Indian economy witnessed an anaemic growth of 5.3% during the final quarter of 2011-12, according to figures released bythe Central Statistical Office. This is worse than the preceding quarter’s 6.1% and positively disconcerting when compared to the spurt of 9.2% during the same quarter of the year ago.
The massive slowdown is a sequel to all the three broad sectors of gross domestic product losing steam in the January–March period, in which there was an actual contraction in the value added from manufactures – a pivotal component – to the tune of 0.3% in contrast to a rise of 7.3% during this period of 2010-11.
The growth rate in the primary sector had slackened to 1.7% from 7.5% , to 1.9% from 7% in the secondary sector and to 7.9% from 10.6% in the tertiary sector. Clearly, even the normally buoyant service sector was not immune to the slackness syndrome that had gripped the economy in the last fiscal.
With the economic momentum consistently onthe slide – the real GDP growth which was 8.0% in the first quarter, slowing to 6.7% in the second quarter and to 6.1% in the third quarter, only to dip evenlower to 5.3% in the final three months – the economic performance for 2011-12 was nothing short of the dismal. At 6.5% , the annual increase had trailed far behind the preceding year’s 8.4%; in fact, this order of growth was the lowestsince 2002-03 (4% ).
Again, as in the last quarter, the year2011-12 as a whole had witnessed a slackness of sorts in all the three broad segments. The real GDP originating from the primary segment grew by only 2.8% as against 7.0% a year earlier, that from the secondary segment by a mere 3.4% as against 7.2% and that from the tertiary segment by a respectable but still lower rate of 8.9% as against 9.3% .
It is to be noted that, while there was adecline in the growth rate of mining & quarrying sector in the last fiscal year vis-à-vis 2010-11, the growth had plunged to a measly 2.5% in manufacturing from 7.6%.
Interestingly, even though the annual economic performance during 2011-12 was one of the worst in recent years, with only a modest jump of 6.5% in real GDP, in nominal terms, the economy seems to have fared much better. The GDP at current prices had spurted by 15%, which is only 2.2 percentage points lower than the previous year’s 17.2%. This is a sequel to the high order of inflation that had prevailed in the economy oflate. Based on the GDP deflator, in the last two years, the price spurt was in the region of 8.0% , with only a fractional let-up in FY12. In other words, itseems we had the worst of both the worlds in the last fiscal – feeble growth and high inflation.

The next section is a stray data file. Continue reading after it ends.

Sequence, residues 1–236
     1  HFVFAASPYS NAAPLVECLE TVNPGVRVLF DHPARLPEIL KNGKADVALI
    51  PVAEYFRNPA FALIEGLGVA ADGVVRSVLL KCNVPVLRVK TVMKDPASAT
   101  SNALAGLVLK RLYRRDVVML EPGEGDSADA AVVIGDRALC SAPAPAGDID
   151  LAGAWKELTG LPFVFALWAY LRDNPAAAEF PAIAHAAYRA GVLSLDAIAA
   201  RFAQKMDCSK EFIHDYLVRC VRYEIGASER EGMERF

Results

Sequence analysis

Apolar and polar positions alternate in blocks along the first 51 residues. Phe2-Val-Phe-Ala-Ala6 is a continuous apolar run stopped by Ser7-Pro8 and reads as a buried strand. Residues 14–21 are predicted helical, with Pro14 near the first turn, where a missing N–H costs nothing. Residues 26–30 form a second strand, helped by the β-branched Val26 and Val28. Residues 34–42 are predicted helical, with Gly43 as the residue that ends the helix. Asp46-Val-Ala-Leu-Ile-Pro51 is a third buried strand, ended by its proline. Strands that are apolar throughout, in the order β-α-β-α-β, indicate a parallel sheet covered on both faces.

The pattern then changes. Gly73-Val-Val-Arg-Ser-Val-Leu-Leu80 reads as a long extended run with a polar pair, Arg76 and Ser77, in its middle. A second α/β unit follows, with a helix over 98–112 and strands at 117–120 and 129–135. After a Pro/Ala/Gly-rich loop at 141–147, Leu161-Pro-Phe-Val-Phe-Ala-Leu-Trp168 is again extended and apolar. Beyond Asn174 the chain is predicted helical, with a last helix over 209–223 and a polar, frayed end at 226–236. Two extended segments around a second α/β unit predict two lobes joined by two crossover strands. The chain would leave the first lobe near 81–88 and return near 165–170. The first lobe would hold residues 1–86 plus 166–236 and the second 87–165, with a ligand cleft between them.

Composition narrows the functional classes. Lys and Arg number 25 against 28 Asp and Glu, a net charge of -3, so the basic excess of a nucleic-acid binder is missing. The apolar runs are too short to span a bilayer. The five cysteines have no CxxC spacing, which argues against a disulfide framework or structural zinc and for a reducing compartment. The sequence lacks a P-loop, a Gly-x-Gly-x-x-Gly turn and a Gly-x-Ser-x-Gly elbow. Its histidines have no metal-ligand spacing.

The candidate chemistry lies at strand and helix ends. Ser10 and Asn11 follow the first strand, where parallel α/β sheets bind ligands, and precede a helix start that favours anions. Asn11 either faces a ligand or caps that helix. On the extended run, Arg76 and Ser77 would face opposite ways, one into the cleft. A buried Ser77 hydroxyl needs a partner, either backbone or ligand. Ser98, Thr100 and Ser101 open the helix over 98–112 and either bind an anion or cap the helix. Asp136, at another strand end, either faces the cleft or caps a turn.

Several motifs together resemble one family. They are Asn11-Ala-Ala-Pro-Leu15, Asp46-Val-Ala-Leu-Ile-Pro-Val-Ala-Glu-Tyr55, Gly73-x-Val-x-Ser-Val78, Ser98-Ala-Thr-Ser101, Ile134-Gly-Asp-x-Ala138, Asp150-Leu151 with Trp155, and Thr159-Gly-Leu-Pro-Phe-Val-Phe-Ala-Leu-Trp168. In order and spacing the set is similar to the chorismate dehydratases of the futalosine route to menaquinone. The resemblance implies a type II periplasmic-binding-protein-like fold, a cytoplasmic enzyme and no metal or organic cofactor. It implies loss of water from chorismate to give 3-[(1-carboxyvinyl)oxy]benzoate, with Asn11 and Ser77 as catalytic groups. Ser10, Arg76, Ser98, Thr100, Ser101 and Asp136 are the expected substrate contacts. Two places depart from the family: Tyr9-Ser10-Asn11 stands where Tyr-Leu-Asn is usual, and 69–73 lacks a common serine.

When we juxtapose this scenario with other economic woes and uncertainties that dogged the economy including the perception that economic reforms are slowing down, bleak fiscal tidings and anever-growing current account deficit, topped by what appears to be a governancedeficit, Indians have embarked upon a buying spree in valuables to get some measure of immunity from the looming problems. This too is reflected in the latest data on GDP and related aggregates.
According to CSO, the expenditure onvaluables has leaped from Rs162,837 crore in 2010-11 to Rs247,105 crore in 2011-12 or by a whopping 51.7%. As a proportion of GDP, the share of valuables has risen to 2.8% in the last fiscal from 2.1% over the year. To see this in context, in 2004-05, the spending on valuables was only `41,054 crore or 1.3%of the GDP.
The CSO data confirm the sluggishness ininvestment in the economy. On a quarterly basis, though the rate of gross fixed capital formation had recovered to 28.6% in the last quarter of 2011-12 from 27.8% in the third quarter, it is still below the rate of 31.2% achieved in the first quarter and the recent peak of 32% in the second quarter of 2010-11. For the year as a whole, the rate of gross fixed capital formation had eased to 29.5% from the previous year’s 30.4%.
In terms of real GDP growth, in the last quarter of 2011-12, an improved performance was seen in mining & quarrying– rising to 4.3% from the previous year’s 0.6% – and in financing, insurance,real estate and business services – 10.0% in both the years. For the entireyear, the surge in electricity, gas and water supply – to 7.9% from 3% – and incommunity, social and personal services – to 5.8% from 4.5% – was evident from the numbers put out by the CSO.
In most of the other components, whether for the latest quarter or for 2011-12, a deceleration of sorts was noticed. But the setback was most conspicuous in respect of construction – in the finalthree months, the growth rate had slipped to 4.8% from 8.9% over the same period of the earlier year and to 5.3% from 8% in the latest two years.